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Politike i razmjena
Izvorni znanstveni članak
Some Aspects of Religious Identity in Istria
; Department of Ethnology and Cultural Anthropology, Faculty of Humanities and Social Sciences, University of Zagreb, Zagreb, Croatia
Puni tekst: hrvatski, pdf (828 KB)
Belaj, M. (2003). Propitivanje religijskog identiteta na primjeru Istre. Studia ethnologica Croatica, 14/15(1), 55-68. Preuzeto s https://hrcak.srce.hr/47757
Religious identity is multi-layered and changeable as any other identity; it carries multiple meanings and it is in constant interaction with other identities. Additionally, its content highly depends on our standpoint. Religious identity in Croatian social sciences is discussed only as source of signs and symbols, and from the standpoint of formation of ethnic identities. However, it seems that only specific and highly specialized circumstances have an important role in linking religion to ethnicity. Focusing on a region where religion is, among other things, the differentiating characteristic between the two ethnic groups, can be very rewarding (Čimić 1984:33), but it cannot completely determine the religious factors which influence the formation of ethnic identity. (It is important to emphasize that the religious identity in a region, such as Istria, where one religion is dominant is something quite different that in regions where this is not the case).
This article is trying to show deeper and more complex aspects and meanings of the term religious identity, and point to its position, meaning and role, both for individual members of a given culture and for the community. It is also trying to include another standpoint in the analysis of the religious identity and that is the standpoint of the religion itself, or, in other words, from the Christian point of view, which, according to the data obtained during the field work and the data found in literature, proved to be equally important.
Examples used in this article are taken from the interviews and field notes obtained during field research on patron saints. Interviewees almost always start with the patron saints of their own village or their own church, and patron saints which they can see on their church altars or whose sites of pilgrimage are situated near-by. When talking about their local patron saints, they commonly use terms such as 'our patron', 'we have' (processions, saints and so on) etc., as opposed to 'their patron', 'they have' and so on, when talking about their neighbors' saints. What they know about the local and other saints is basically public knowledge, but these accounts also contain expressions of individual religious feelings. The next step in discussing the saints are the individual stories of one or more of them, who are present in their everyday life, whom they address in their prayers, and whom they chose according to their own personal preferences. The chosen saint is referred to as a friend for life, as a personal guardian, and his help is asked in different real-life situations, and not only in those which are covered by public knowledge. This last account, according to the author, is direct and important illustration of dedicated personal creed, which is the basic characteristic of Catholic identity.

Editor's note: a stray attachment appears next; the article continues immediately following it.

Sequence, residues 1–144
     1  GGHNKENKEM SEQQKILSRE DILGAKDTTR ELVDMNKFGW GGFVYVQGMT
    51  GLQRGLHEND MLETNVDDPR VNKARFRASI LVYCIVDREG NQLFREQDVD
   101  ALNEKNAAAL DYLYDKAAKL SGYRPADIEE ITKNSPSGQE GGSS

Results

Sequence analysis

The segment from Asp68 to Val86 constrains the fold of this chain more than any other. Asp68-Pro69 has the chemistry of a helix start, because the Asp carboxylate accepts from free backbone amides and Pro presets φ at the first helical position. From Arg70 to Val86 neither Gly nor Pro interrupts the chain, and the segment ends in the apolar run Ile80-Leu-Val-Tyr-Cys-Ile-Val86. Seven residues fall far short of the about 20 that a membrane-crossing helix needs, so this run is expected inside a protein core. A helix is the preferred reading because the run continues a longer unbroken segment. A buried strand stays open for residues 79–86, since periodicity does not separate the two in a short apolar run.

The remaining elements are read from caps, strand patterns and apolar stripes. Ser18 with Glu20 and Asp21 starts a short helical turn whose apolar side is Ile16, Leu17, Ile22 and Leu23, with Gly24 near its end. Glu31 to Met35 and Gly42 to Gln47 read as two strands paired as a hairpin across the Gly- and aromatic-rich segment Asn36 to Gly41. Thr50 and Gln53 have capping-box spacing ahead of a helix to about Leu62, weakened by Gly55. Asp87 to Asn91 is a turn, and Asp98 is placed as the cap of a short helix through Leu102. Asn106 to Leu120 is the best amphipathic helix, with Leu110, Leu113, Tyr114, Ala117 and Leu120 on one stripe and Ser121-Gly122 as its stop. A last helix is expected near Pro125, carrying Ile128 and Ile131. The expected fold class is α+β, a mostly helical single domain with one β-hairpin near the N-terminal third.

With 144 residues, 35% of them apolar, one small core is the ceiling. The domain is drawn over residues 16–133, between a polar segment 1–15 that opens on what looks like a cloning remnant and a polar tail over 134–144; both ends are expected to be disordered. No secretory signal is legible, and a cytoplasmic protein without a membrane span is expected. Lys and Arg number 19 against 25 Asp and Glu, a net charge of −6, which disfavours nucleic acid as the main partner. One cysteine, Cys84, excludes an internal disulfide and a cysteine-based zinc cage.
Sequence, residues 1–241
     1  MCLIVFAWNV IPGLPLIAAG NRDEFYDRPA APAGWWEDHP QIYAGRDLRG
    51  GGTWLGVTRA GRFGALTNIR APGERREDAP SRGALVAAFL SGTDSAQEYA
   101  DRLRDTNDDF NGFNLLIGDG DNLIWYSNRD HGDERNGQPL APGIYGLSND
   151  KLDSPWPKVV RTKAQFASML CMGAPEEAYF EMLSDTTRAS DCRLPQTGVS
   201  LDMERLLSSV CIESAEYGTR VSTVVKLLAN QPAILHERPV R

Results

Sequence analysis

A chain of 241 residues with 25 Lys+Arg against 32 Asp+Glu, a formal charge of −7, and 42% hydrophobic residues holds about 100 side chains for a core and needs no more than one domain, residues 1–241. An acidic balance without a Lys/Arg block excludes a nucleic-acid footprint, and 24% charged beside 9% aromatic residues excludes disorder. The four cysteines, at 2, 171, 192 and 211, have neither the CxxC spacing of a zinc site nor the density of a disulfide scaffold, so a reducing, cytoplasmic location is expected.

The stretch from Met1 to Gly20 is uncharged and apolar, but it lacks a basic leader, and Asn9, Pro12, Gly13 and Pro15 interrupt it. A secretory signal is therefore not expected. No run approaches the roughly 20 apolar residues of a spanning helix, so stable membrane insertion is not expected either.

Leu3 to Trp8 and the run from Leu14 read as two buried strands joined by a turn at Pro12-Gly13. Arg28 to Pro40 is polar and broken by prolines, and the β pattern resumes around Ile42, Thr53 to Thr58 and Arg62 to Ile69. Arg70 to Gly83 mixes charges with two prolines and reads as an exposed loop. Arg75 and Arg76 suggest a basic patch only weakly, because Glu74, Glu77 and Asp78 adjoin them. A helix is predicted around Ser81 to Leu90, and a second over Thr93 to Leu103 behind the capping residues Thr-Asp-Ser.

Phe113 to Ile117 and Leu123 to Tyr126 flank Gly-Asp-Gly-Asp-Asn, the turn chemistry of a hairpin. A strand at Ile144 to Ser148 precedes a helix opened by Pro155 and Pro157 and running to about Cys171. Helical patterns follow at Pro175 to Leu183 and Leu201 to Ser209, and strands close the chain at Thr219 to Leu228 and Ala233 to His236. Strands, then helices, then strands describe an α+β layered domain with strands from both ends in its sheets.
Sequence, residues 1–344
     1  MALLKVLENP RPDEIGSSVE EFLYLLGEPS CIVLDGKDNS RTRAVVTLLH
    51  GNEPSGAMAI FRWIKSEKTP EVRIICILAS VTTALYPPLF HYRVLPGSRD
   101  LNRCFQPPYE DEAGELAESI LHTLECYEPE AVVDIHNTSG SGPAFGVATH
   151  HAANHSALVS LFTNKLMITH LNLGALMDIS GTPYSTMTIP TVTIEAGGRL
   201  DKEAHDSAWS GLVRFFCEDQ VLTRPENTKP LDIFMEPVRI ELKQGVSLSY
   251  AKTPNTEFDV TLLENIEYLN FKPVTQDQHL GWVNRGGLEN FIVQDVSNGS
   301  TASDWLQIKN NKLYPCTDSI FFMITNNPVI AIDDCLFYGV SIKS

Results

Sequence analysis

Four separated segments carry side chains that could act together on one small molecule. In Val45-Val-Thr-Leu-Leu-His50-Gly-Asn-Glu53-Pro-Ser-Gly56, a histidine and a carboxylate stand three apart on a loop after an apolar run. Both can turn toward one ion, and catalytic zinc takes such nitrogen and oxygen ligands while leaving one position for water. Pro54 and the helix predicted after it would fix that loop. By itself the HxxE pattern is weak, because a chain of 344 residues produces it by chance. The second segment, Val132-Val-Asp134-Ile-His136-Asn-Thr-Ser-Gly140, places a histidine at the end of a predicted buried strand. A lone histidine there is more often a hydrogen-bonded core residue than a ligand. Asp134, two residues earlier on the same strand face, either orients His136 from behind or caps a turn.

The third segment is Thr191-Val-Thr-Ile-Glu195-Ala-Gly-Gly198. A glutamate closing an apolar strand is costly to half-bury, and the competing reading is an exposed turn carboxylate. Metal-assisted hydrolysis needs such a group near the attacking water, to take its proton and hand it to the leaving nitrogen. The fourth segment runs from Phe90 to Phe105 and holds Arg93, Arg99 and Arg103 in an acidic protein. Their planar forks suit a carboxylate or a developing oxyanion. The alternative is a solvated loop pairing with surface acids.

The term religious identity, according to the examples, is very complicated and almost impossible to define according to some pre-set principles and 'big theories'. However, if we start at the bottom (narrower meaning) and move towards the top (towards wider meanings), we can notice the following:
According to the examples, religious identity can be linked to ethnic and local identities, to social, political and economic system, to history, etc. But I am trying to point out that the element which is continually present in all these relations is personal religion and personal relationship with God. Personal creed, therefore, presents the basis of Christian (here, catholic) identity, and the Christian view of the world, and it is, above all, as it is stated in the literature, the core meaning of Christianity as such. Hence, religious identity should be, in the first instance, examined primarily as personal creed of every individual.
Furthermore, only after we define and examine the religious identity in that way, we can examine its role in the formation of cultural, political or social identity. Namely, individual faith exists independently, and needs no form. But even though it is embedded in individual life, personal creed is more powerful if performed in a group (it is believed that communal prayer holds greater power); it has to be, in a way, codified and materialized in, for example, a prayer to a particular saint, to a saintly statue, on a mass, procession etc. Only here we can examine the signs through which the religion is materialized as the symbols of a particular group, which is centered on them and for which these symbols carry different meanings, some of them moving into the realm of profane.
religious identity; Istria; patron saints; ethnology of religion
Hrčak ID: 47757
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